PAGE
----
Synopsis of Divergent
Divergent is set in a dystopian world, society is divided into five factions. Each faction values one particular trait – Candor (honesty), Abnegation (selflessness), Dauntless (bravery), Amnity (peace), and Erudite (intelligence). On a specific day, every year all the sixteen-year-olds choose which faction they will be a part of for the rest of their lives. Beatrice Prior has a choice between staying with her family or being her true self. Her choice surprises everyone, including herself. Next comes the competitive initiation where newly names Tris discovers who her real friends are and figure out a budding romance with an infuriating boy. But Tris has a secret. A secret that might kill her if others find out. When conflict arises between the factions Tris learns her secret could help her save her loved ones or it could end her.
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Divergent is a science fiction dystopian novel with a dash of romance and a whole lot of action. I originally read this book during the boom of dystopian novels. This take on the “perfect” society is different and refreshing with different flaws unique to this society. I liked how the very thing that put Tris in danger is what ultimately saved her life. Plus, it allows her to help those around her. This book does have quite a bit of violence but it was refreshing that Veronica Roth focused more on the psychological damage happening through the violent scenes instead of the gore.
Divergent Parent Guide
Overall: PG-13 for violence and brief nudity (from a prank)
Violence: PG-13 for graphic war scenes and fights
Adult Content: PG some kissing
Reading Level: Grades 7-12
Touchy Topics in Divergent
- Abuse – One of the main characters has a residual fear of an abuser from their past and confronts that fear.
- Bullying – Multiple instances of severe bullying happen during the initiation process.
- Cultural Retraining – Each faction focuses on a specific value above all others and enforce that in everything to the point of mass groups things and handling situations the same way.
- Brainwashing – Brainwashing and mind control are weapons deployed during the war that happens at the end of the book.
- Fears – Fear and how an individual reacts in the face of fear is a large theme in the book.
- Self-Doubt – Double and triple questioning whether you fit in or made the right choice happens frequent
- Self Discovery – Tris comes to terms that she is not like anyone else and how she what makes her different is one of her biggest strengths.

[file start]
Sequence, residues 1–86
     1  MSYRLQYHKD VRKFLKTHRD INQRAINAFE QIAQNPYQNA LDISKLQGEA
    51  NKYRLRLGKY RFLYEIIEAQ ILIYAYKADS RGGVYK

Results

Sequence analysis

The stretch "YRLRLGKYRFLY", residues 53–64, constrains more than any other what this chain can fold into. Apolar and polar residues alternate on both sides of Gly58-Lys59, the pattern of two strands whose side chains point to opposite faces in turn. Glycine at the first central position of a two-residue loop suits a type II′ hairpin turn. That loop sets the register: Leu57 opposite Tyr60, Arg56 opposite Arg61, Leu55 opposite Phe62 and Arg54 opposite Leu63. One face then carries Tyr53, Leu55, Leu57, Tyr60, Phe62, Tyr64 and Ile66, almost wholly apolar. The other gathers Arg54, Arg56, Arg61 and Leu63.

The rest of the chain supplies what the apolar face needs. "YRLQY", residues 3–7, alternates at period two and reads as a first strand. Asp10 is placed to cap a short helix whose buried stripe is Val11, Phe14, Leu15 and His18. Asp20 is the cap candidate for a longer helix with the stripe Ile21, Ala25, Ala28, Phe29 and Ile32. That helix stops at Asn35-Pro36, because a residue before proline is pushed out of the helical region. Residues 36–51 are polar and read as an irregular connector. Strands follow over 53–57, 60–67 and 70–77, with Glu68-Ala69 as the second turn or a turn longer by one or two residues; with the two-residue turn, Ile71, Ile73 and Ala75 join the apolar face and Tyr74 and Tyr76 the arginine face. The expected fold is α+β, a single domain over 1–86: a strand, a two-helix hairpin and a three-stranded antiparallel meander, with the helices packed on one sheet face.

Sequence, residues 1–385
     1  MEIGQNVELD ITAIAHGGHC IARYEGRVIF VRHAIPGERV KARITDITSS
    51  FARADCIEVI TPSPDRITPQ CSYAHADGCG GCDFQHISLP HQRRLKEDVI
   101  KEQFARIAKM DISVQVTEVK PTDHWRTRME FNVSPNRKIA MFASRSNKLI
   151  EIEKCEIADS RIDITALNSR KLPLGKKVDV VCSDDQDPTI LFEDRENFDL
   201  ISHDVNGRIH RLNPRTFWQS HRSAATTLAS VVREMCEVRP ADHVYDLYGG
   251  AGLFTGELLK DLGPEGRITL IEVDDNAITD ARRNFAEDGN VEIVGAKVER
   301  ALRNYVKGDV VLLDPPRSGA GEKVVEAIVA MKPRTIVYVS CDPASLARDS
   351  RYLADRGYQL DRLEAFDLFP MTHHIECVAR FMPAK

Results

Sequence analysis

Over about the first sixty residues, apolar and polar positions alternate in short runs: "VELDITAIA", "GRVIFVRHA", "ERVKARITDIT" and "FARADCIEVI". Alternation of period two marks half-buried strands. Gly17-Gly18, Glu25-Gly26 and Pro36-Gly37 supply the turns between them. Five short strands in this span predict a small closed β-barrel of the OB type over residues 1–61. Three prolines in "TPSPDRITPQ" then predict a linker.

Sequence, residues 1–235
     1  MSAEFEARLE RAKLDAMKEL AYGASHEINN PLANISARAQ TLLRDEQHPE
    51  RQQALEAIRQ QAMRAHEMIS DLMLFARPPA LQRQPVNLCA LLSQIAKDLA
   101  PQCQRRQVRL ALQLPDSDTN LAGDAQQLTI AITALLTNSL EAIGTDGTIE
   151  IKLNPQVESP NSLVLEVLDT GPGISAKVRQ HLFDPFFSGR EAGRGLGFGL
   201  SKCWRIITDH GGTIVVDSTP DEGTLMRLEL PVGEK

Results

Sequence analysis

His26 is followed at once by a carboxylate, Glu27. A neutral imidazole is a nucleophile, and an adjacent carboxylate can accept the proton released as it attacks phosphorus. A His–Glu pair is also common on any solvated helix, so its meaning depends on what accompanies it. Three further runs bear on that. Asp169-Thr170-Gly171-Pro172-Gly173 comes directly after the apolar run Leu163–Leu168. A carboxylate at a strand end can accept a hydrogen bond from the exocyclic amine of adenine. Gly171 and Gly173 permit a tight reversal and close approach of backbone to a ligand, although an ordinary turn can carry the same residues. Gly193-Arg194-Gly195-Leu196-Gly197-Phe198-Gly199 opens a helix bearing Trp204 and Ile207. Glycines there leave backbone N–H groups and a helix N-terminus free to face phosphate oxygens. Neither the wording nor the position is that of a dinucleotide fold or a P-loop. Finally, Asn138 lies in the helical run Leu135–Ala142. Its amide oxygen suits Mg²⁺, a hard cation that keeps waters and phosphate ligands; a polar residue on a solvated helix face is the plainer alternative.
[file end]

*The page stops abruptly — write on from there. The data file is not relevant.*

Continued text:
- Death – Many people die in the book from various causes and the characters learn how to react and continue living with it.
“We believe in ordinary acts of bravery, in the courage that drives one person to stand up for another.”― Veronica Roth, Divergent
“Becoming fearless isn’t the point. That’s impossible. It’s learning how to control your fear, and how to be free from it.”― Veronica Roth, Divergent
“I might be in love with you.” He smiles a little. “I’m waiting until I’m sure to tell you, though.”― Veronica Roth, Divergent
My Thoughts about Divergent
This book was at the top of the New York Times best-seller list and won multiple awards for a reason. Divergent is both similar and different from other dystopian novels. You have the broken system and it is partly about that but the book is more about Tris and her self-discovery process within the system. Tris has the choice to follow in her parents’ footsteps or to create her own path. Tris also has to confront and accept all parts of herself. I really enjoyed the book and loved being transported to this new fresh world.
On another note, here is a bit more of a peek inside the book’s violence and other things to be aware of. There is one scene with brief nudity in Divergent. Nothing is described and it is a hazing ritual instead of anything remotely romantic. Violence wise there is quite a bit. During some of the training, they are pitted against each other until someone passes out. Later, multiple people are murdered right in front of Tris. These scenes are graphic but the main focus is the psychological pain and suffering she is going through.
Over all I fully recommend this book to anyone 16 and up. For teens between 13 and 16, this book would be great on a case by case basis.
What to Read Next?
If you are a fan of this book, read the second book, Insurgent. Veronica Roth has written a few other books that you might like too. Check out her website here for more of her books. After that great books to read include Matched, Hunger Games, and Maze Runner. Here is a list of other action-filled books and another list of books with strong female characters.